almeinde , mhd. " Allmende ", "Gemeindeflur" (variants: algemeinde , almeine , almeide ):
Almai, Almeinde, Almeine, Algemaine, Alemende, Alimende, Almen, Alm , Almed, Elme, Elmen, Elemend, Elmend, Olm, Olmed , Olmet, Olme, Oalm, Öllmet, Walme, Welme.
- aha ahd. "flowing waters", together with ouwa ahd. "island", "water-flooded land", "moist ground", "river island" and
- belse , mnd. In den Belsen , means something like "in the midst of poplars or aspen trees"
biunta , ahd. “what the fence winds around” (ie closed farmland or the garden ):
leg, baind (t), -point ; Benn, Bende; Beu, Beune, Beunde; Am, Binn, Binder; Stage, Bünt, Pünt; Benge, Binge, Bingen , -binge (s); still Switzerland / south today for allotments
boumgart , ahd. " (fruit) tree garden ":
Bangert, Bongert, Bungert, Banggarten, Bonggarten, Bamgarten, Bomgarten, Bumgarten, Bömgarten, Bemgarten.
- brant , brende mhd. "Brand"
bruoh , pruoh ahd., mhd. bruoch , brôc " marshland ":
Bruch , Broich, -broich , Broil, Brook, Brauck
- Latin culmen "high point", " culmination ", " summit " (to cŏlŭmen , "something high") - Kulm , Kolm , overlay with the name of St. Koloman
drêsch , mnd. "Uncultivated land", " fallow land ", not regularly used, unploughed arable land , mostly lying on a slope with a thin crumb, was left fallow for several years (10 to 25) and used as sheep pasture, then the lawn was peeled off (chopped off), dried, the earth shaken out and the lawn burned, the land plowed up, sown with rye, oats, millet, then with potatoes and then again used as fallow for years:
Driesch, Drösch, Drusch, Dreisch, Dreis, Dreusch, Dreus, Dreisk, also with T. written
espan , "free, unfenced pasture land belonging to the municipality":
Espan , Eschpan, Eschbann
- fenni ahd. " Moorland ", "Moor weide ": Fenn (e) , Venn, Fehn , Veen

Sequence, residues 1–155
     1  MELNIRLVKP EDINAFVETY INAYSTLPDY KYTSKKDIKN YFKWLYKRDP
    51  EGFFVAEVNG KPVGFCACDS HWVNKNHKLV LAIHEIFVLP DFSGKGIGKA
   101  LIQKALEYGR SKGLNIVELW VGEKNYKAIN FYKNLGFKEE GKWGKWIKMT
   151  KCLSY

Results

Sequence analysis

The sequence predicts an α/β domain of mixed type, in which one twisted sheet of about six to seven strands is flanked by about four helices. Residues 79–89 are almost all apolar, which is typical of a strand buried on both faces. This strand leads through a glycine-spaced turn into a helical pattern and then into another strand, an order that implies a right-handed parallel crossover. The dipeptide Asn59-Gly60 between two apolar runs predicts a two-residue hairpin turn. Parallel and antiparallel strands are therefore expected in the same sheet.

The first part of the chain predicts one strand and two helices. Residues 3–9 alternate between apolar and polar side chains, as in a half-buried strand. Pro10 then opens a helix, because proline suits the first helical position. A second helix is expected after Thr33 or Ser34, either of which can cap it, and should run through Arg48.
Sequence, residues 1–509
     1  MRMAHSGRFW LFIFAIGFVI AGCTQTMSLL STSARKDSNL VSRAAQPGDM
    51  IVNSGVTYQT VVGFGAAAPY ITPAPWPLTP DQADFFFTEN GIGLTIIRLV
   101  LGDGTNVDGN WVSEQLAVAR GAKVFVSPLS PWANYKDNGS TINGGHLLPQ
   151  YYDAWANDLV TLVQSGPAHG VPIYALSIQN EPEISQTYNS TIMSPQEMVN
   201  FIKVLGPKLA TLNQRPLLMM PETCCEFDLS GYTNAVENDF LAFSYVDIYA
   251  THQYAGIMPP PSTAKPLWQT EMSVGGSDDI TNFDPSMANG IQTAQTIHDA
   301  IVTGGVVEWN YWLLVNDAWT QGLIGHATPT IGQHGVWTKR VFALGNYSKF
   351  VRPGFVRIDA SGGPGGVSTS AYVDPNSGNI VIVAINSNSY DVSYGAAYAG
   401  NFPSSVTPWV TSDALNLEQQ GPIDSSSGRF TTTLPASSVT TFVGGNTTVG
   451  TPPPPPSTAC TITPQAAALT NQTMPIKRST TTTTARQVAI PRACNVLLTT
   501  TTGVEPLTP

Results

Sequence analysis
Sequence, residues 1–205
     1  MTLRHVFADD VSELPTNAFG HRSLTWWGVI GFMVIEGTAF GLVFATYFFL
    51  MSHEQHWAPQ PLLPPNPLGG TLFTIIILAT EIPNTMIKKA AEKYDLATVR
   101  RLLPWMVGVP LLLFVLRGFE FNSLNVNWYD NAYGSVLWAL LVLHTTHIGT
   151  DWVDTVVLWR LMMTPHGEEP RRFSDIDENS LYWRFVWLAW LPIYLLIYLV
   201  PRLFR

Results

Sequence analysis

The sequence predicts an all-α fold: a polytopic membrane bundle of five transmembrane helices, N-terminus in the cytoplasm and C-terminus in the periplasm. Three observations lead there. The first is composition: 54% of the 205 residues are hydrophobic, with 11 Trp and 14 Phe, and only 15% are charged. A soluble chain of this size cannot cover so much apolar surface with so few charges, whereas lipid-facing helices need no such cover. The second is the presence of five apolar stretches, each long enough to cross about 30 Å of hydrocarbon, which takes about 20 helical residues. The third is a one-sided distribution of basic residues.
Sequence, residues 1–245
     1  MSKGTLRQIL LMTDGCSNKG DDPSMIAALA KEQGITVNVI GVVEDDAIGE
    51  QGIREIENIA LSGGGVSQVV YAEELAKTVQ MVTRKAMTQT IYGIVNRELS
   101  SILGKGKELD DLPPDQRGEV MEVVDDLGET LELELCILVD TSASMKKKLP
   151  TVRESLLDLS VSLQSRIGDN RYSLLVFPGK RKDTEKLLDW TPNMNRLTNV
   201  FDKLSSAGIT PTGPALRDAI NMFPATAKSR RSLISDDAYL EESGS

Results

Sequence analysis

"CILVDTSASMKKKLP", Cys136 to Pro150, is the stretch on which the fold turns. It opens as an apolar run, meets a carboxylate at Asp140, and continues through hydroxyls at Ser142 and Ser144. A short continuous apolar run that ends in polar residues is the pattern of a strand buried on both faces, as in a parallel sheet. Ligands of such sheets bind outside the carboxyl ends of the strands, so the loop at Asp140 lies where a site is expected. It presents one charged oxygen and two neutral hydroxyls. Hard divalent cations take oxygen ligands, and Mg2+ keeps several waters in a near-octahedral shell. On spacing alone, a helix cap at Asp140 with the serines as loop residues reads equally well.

- fluh , fluhe , flüh ( flühli ), flühe ( flüheli ), flue , flueh , flüe ( flüeli ), flüeh ( flüehli ); also flieli
- gard , gart ahd. "the protected"
- haga (z) germ. ("fence", "enclosure")
- hauw mhd. Hauung, "Niederwald"
- hat " Hutung ": -hut , -hude
- lanfer , lanter , lantert, often in connection with land forces
lug , lugk slaw. "Meadow":
Luch " swampland "
- matt , in Swiss general " Magerrasen ", the vegetation form " Matte " or " Alm (mountain pasture) ": -matt , Matte , Matten
moss “ moor ”:
maize, corn; Mias, Mies, Mis, Misse; Moss , moss , Mös, Mösl, Möse (n); Gmos ; Must
- plan slaw. " Anger " (village square, which is jointly used as a meadow)
ried , nd. reet " Röhricht ", " Moor ":
Ried, -rieth (possibly also on clearing , see clearing name )
- clearing , nd., reuten or " clearing " (removal of the trees together with the roots)
- senge , mhd. " slash and burn"
- impact , often turnpike (shock, -slag) in connection with road crossings in militia, also of MHG. "precipitation"
- loop , loop , often in connection with road passages in land defense services
- donate , mhd. "donate"
- stoc (h) ahd. "Stubben"
- swenden , pret. swante , swande mnd. "Waste"
- wang , ahd. "fenced meadow ", " Hag " (cf. Folkwang , Swedish -vång ): Wang , -wang , cheeks
- Bayerisches Flurnamenbuch, Munich, House of Bavarian History (seven municipal volumes published by 2008).
- Hans Beschorner : Handbook of the German field name literature. Dresden 1928.
- Sigrid Bingenheimer: The field names of the communities around the Wissberg in Rheinhessen. Diss. Uni. Mainz 1994, Franz Steiner Verlag 1996, ISBN 3-515-06216-5 , p. 355 u. P. 457.
- Michel Buck : Upper German field name book. Stuttgart 1880 ( digitized version ).
- Otto Clausen: Field names of Schleswig-Holstein. Verlag Heinrich Möller, Sons, Rendsburg 1952.
- Heinrich Dittmaier: Rhenish field names. Bonn 1963.
- Dieter Greve: Field name atlas for southern western Mecklenburg. 5 volumes. Thomas Helms Verlag Schwerin 2011, ISBN 978-3-940207-25-8 ; ISBN 978-3-940207-26-5 ; ISBN 978-3-940207-27-2 ; ISBN 978-3-940207-28-9 ; ISBN 978-3-940207-29-6 ; ISBN 978-3-940207-30-2 .
- Irene Jung: Field names on the Middle Lahn. In: Hans Ramge (Hrsg.): Contributions to German Philology. Giessen 1985, ISBN 3-87711-138-6 .
- Gunter Müller: Westphalian field name atlas. Publishing house for regional history, Bielefeld 2000, ISBN 3-89534-351-X .
- Hans Ramge: Hessian field names atlas. Zechnersche Buchdruckerei, Speyer 1987, ISBN 3-88443-020-3 .